Analytics play a crucial role in empowering business leaders to make strategic, data-driven decisions. They help businesses avoid potential pitfalls, and stay ahead of the competition. Today's business intelligence (BI) and analytics platforms are much more than mere reporting tools. They have a wide range of features and capabilities to offer. If you're a business owner looking to invest in one of these platforms, it is important to know some basic analytics systems terminologies to bring context to your research, and ensure you choose the right product for your business.
Here are the basic analytics terms you should know:
Every time you open and interact with an app or run an internet search, your actions generate data in various forms, including images, text, URLs, videos, and more. Similarly, data is being gathered across the world from a variety of internet-enabled sources (mobile phones, electronic devices, social networks, GPS devices, server log files, and more). This massive amount of data produced—often referred to as "big data"— is impossible for traditional data management systems to handle. Only advanced big data solutions can efficiently process and analyse big data, so your business can derive insights and make smarter decisions.
Business intelligence (BI) denotes tools and processes that analyse large volumes of raw data sets and provide actionable insights. Many BI vendors offer software with built-in AI-powered forecasting and reporting capabilities to help organisations discover hidden insights and patterns, and make strategic, data-driven decisions.
Check out our blog to learn more about how business intelligence software can help your organisation.
A dashboard is a user interface that summarises all the metrics or key performance indicators (KPIs) you want to track. It shows you the big picture at a glance. Most BI tools now offer intuitive drag-and-drop tools so users can personalise their dashboards according to their preferences.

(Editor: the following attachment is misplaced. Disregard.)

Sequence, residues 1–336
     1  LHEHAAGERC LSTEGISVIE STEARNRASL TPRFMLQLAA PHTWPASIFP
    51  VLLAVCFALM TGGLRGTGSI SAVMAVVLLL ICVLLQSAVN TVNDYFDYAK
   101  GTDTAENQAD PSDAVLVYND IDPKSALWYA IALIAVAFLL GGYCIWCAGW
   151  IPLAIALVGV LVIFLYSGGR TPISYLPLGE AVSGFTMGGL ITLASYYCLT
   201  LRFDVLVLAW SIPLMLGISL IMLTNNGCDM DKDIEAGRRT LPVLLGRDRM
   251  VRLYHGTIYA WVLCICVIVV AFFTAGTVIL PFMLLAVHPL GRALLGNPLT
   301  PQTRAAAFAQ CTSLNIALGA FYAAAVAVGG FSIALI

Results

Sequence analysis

BI solutions allow users to import data for analysis by integrating and gathering information from various internal and external sources. This process is called data sourcing. Sources can include in-house or public cloud databases (like Amazon RDS and Microsoft SQL Azure), online storage services, flat files, feeds, web URLs, surveys, and more. As a business owner, you may also have a lot of valuable information stored in your CRM, accounting systems, help desk and other business applications. To make the most of it, it's critical to choose a BI platform that can source and analyse information from multiple applications and verified data sources.
Data storytelling is the ability to present information through captivating narratives and visualisations. This function can be a key differentiator that makes data easy to comprehend and act upon. In recent years, people have become more selective of how they engage with and consume information. In response, BI suppliers are concentrating on giving users a more immersive experience, rather than throwing a bunch of numbers at them. The below infographic from Budget 2022-2023 is a good example to mention here. To image givers viewers a visual breakdown of the Commonwealth water infrastructure investments planned for the year, highlighting the geographic location where the money would be invested.